Historically found in the eastern shores of the Hula wetlands (Lake Hula) of Northern Israel, this frog is believed to be extinct. Conservationists have not given up though and hope that a surviving population can be found in the Golan Heights. It is described as an ochre colored frog with a dark belly dappled with white spots and measuring two inches in body length. Only two specimens have been found and studied in the last 60 years.
Little is known about the Israel painted frog's behavior. Preferred habitat seemed to have been freshwater swamp areas.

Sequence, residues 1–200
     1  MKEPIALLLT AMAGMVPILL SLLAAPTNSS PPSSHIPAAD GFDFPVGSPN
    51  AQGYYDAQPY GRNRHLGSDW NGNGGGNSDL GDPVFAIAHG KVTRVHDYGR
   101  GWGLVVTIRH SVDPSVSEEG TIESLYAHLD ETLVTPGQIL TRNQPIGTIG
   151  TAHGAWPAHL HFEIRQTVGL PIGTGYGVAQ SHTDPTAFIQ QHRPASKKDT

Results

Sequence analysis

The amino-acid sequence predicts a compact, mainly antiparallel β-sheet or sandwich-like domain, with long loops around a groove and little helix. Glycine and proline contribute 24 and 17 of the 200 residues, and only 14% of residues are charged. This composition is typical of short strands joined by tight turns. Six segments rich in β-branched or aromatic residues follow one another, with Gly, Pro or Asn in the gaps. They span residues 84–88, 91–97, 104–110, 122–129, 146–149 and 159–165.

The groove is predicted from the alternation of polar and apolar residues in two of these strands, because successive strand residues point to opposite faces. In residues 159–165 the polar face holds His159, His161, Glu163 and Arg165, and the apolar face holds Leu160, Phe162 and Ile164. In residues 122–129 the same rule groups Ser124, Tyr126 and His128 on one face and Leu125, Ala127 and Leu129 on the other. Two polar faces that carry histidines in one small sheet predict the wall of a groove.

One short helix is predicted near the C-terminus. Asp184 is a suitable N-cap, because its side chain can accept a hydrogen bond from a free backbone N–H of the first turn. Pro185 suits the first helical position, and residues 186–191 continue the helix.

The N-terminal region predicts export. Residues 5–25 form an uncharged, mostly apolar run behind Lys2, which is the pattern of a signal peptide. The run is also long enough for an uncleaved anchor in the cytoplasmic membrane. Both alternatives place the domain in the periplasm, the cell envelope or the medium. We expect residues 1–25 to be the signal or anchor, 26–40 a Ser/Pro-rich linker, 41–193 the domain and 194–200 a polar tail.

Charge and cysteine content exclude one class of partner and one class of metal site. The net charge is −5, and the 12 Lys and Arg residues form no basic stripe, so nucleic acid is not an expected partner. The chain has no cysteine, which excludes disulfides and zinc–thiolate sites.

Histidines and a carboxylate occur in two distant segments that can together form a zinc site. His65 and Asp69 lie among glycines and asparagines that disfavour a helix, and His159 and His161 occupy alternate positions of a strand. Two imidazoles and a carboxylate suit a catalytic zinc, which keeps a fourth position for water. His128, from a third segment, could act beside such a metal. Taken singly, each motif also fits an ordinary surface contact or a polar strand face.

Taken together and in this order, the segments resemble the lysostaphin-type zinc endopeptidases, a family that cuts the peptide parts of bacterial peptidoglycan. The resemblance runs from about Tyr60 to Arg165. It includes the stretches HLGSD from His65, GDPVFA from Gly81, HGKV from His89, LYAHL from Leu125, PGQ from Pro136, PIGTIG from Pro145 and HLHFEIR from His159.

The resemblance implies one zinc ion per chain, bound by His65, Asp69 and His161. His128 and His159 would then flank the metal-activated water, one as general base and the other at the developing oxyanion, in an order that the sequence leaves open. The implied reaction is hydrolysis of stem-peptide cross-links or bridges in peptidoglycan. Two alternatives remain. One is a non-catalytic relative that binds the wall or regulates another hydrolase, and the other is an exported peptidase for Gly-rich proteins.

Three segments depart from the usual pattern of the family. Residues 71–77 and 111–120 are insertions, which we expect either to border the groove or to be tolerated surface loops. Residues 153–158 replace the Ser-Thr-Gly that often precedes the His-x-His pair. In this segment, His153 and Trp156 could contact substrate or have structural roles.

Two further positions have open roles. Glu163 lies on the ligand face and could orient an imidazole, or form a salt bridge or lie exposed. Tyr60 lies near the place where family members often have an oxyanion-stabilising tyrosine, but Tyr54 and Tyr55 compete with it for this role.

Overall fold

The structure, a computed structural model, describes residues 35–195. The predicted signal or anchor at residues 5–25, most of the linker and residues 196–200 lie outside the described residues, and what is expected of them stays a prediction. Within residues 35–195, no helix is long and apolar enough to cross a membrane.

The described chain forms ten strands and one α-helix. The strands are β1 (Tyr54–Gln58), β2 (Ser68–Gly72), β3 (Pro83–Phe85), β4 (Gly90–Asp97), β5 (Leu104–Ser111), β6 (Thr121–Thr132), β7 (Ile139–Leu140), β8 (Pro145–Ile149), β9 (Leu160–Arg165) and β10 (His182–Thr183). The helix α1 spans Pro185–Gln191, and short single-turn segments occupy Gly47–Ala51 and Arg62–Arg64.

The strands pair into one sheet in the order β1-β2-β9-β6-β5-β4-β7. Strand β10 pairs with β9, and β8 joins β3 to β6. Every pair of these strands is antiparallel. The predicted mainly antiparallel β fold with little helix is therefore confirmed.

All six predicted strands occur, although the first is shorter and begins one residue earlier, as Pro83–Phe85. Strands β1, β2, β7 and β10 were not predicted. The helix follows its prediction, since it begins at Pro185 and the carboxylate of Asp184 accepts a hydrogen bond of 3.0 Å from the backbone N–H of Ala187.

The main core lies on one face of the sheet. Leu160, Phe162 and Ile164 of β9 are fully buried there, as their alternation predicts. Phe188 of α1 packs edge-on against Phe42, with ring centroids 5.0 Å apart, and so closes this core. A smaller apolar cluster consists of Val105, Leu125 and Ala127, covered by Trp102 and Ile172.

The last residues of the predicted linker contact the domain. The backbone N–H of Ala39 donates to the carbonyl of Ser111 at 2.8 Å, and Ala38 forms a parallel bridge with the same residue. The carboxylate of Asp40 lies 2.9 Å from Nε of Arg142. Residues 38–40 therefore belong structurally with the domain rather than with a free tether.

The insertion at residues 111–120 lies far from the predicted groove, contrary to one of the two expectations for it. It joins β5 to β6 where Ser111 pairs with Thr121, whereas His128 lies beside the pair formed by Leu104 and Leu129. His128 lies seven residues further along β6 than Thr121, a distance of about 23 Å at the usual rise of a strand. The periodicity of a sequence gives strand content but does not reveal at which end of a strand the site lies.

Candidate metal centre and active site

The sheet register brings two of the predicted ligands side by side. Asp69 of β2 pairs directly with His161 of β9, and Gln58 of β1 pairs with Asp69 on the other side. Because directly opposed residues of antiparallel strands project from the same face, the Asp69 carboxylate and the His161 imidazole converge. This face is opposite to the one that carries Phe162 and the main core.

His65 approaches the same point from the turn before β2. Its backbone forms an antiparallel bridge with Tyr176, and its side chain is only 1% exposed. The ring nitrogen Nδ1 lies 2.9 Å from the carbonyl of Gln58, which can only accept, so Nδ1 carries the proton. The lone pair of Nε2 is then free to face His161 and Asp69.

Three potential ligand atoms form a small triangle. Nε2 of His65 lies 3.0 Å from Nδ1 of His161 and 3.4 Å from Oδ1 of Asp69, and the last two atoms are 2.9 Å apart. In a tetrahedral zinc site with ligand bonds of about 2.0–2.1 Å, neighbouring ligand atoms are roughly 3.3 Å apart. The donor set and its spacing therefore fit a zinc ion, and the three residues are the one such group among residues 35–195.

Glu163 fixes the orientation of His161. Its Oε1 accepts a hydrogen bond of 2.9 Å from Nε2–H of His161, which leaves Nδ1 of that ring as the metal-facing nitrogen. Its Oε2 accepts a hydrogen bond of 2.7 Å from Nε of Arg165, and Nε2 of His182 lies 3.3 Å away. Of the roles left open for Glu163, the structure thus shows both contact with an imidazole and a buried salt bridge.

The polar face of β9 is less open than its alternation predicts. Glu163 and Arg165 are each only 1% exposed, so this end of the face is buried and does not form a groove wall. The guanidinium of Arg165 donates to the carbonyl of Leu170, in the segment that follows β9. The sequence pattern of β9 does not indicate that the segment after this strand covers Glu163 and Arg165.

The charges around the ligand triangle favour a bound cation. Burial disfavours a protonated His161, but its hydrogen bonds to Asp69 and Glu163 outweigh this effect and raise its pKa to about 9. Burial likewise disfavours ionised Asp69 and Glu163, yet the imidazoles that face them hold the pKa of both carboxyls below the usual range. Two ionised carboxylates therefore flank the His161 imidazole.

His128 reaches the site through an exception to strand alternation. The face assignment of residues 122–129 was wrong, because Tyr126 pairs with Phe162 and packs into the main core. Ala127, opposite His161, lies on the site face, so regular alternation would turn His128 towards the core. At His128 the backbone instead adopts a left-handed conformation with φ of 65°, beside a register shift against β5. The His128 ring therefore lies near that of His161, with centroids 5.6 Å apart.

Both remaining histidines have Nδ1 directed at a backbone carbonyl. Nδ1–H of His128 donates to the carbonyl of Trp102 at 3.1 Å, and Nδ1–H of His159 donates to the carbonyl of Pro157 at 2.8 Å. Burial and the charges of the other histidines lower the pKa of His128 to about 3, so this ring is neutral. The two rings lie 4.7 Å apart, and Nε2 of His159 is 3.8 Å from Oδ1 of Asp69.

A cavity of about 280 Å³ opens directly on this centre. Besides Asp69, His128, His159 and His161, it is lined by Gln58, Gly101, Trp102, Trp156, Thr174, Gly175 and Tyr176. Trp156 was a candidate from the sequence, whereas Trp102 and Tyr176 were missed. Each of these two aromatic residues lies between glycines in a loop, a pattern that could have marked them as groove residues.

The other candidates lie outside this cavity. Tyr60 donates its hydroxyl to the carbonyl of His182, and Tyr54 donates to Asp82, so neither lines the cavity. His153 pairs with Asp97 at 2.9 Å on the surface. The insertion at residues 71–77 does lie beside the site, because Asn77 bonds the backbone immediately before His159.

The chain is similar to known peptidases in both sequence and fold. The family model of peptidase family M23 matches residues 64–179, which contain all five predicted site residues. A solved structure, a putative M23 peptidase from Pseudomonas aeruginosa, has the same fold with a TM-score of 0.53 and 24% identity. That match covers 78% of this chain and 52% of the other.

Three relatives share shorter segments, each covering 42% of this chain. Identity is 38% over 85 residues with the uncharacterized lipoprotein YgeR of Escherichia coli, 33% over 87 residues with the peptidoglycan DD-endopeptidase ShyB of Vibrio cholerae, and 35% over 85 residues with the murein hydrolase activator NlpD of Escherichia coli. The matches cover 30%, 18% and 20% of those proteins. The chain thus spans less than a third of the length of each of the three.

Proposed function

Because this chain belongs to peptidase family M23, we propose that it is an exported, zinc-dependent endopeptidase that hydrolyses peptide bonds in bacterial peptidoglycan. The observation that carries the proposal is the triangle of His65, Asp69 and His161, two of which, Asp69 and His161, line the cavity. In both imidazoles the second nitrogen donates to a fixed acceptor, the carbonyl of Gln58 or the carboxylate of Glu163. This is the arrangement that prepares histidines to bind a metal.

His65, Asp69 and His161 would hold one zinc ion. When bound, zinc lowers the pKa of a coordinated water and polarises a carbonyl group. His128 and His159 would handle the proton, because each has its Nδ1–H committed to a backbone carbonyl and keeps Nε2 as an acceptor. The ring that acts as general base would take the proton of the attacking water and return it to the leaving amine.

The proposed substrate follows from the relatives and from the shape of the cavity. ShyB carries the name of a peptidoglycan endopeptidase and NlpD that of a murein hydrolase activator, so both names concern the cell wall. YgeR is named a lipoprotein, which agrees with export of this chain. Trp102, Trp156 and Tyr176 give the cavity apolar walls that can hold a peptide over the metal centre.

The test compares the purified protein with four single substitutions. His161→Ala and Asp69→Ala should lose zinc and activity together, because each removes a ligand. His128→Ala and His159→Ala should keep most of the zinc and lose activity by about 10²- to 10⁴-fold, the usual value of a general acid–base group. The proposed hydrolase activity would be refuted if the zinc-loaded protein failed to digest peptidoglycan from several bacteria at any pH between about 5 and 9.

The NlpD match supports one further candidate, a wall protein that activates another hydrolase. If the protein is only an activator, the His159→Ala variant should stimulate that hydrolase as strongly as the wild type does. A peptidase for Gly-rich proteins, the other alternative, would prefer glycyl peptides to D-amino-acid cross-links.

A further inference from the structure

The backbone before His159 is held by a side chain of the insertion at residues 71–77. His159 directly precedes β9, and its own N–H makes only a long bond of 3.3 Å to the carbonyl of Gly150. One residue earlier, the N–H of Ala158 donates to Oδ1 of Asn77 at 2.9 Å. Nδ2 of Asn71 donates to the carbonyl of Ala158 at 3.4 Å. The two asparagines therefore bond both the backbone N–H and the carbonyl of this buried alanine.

The wetlands where the Israel painted frog dwelled were drained for mainly agricultural purposes in the 1950s for making land more suitable for agriculture and also in an attempt to eradicate a malaria threat at the time. The remaining area was later set aside as a nature reserve in 1964, but this could not prevent the extinction of certain endemic species, including the Israel painted frog. The last specimen was seen in 1955.
Israel Painted Frog Facts Last Updated: May 9, 2017
To Cite This Page:
Glenn, C. R. 2006. "Earth's Endangered Creatures - Israel Painted Frog Facts" (Online).
Accessed 1/29/2023 at http://earthsendangered.com/profile.asp?sp=156&ID=8.
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